Betul is 12 years old and recently moved with her family from Syria to Turkey, where she was able to attend a UNFPA-supported youth centre. She described the support she received there as life-altering: “I don’t want to get married. I want to study, and the centre helped make that a reality.” Betul also started receiving psychosocial support at the centre to respond to her family’s pressure to get married. “I talked to the psychologist and explained my situation. They guided me on how to talk with my family, and I followed their advice. I’m in school now and hope to go to university next.”

A woman carries her newborn child.
A Syrian woman and her newborn wait in line in the northern city of Aleppo to receive a UNFPA-supplied dignity kit containing essential sanitary and health items. © UNFPA Syria

Throughout the region, UNFPA is supporting 79 women and girls’ safe spaces, 15 youth centres, 26 emergency obstetric care facilities, 119 primary health-care centres and 94 mobile clinics. UNFPA and its partners remain committed to providing life-saving services to women and girls in Syria and in camps and host communities across the region.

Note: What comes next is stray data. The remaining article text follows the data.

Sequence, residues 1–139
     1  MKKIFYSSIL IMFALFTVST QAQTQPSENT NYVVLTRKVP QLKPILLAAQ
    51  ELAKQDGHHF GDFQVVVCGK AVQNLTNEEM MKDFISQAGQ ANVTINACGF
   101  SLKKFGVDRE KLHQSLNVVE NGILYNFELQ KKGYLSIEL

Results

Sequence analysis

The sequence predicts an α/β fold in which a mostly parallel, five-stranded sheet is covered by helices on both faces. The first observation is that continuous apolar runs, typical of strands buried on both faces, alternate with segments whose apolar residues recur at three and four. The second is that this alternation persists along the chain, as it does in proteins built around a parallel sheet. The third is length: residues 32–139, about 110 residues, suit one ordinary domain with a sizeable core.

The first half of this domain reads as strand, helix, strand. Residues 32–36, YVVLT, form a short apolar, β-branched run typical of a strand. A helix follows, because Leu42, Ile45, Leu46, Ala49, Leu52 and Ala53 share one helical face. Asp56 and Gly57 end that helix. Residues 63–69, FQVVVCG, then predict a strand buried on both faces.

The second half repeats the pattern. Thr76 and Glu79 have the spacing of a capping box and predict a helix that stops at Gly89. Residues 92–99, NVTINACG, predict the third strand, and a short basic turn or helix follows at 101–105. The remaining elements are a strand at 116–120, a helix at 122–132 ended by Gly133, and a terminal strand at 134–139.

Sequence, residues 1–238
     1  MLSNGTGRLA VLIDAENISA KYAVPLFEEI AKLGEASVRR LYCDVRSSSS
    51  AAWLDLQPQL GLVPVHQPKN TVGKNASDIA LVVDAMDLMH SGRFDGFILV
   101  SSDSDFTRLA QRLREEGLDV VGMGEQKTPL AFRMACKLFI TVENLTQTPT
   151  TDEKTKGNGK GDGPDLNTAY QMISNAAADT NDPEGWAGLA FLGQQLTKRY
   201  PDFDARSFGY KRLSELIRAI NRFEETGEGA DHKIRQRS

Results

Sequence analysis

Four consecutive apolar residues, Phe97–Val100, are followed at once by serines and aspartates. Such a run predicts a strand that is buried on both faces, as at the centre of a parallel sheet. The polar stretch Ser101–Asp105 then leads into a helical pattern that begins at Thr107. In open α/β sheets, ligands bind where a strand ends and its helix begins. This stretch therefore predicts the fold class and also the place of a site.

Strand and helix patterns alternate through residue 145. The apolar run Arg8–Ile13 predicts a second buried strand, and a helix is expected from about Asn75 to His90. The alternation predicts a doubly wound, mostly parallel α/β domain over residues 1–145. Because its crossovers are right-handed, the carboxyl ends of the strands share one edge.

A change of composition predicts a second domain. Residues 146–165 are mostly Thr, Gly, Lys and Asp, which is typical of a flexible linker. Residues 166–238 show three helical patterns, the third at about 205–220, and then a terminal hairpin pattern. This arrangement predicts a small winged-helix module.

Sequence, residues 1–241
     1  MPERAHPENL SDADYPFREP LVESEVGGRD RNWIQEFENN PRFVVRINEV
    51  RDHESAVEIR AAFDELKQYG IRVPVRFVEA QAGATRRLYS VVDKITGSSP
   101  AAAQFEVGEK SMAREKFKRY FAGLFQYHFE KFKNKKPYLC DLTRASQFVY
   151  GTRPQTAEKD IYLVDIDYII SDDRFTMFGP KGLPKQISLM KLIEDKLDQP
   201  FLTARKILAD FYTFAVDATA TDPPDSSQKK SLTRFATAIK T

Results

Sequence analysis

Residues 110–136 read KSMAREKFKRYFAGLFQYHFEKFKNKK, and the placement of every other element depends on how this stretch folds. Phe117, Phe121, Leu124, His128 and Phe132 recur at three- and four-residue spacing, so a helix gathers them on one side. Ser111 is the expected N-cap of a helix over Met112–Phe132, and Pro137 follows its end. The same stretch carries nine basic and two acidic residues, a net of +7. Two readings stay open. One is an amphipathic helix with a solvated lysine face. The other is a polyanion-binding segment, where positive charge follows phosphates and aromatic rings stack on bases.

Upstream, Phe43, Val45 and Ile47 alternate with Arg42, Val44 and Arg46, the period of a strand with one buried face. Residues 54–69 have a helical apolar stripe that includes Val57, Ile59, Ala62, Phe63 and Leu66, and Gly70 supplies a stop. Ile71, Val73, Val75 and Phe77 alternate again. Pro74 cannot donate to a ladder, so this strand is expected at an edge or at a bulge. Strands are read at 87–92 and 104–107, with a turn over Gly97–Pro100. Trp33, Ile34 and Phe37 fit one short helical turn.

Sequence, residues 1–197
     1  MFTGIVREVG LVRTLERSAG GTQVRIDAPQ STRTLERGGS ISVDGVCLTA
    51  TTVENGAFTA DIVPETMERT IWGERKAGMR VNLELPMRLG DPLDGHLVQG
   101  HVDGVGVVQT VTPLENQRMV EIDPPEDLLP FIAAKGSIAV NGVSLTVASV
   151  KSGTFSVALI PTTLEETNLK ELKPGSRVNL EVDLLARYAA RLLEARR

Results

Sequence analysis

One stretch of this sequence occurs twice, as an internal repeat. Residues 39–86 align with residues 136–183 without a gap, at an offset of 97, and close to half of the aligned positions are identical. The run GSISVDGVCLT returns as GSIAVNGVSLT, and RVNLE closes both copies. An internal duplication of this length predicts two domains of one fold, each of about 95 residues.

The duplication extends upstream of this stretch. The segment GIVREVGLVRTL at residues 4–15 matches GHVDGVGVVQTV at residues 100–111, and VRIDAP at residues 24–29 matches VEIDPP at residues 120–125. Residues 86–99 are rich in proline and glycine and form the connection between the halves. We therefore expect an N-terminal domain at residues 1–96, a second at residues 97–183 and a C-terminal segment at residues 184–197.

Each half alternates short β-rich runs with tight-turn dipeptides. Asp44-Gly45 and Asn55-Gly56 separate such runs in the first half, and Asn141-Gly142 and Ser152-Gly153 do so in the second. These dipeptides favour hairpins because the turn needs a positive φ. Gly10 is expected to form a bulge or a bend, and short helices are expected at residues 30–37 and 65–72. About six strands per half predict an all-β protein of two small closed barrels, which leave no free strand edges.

UNFPA urges scaled-up response in Syria

An estimated 70 per cent of the population cannot meet their basic needs, yet at the end of 2021 the humanitarian response for Syria was less than 50 per cent funded – the lowest levels seen in six years. UNFPA is appealing for $145.2 million in 2022 to continue its life-saving work inside Syria and the five neighbouring countries hosting the majority of Syrian refugees – Egypt, Iraq, Jordan, Lebanon and Turkey.

Over the past five years, UNFPA has ramped up its regional response to the crisis, doubling the number of people reached since its onset in 2011. In 2021 alone, more than 1.1 million women received sexual and reproductive health services and some 600,000 were supported with gender-based violence response and protection, including 200,000 adolescent girls. Around 150,000 women were provided with cash assistance.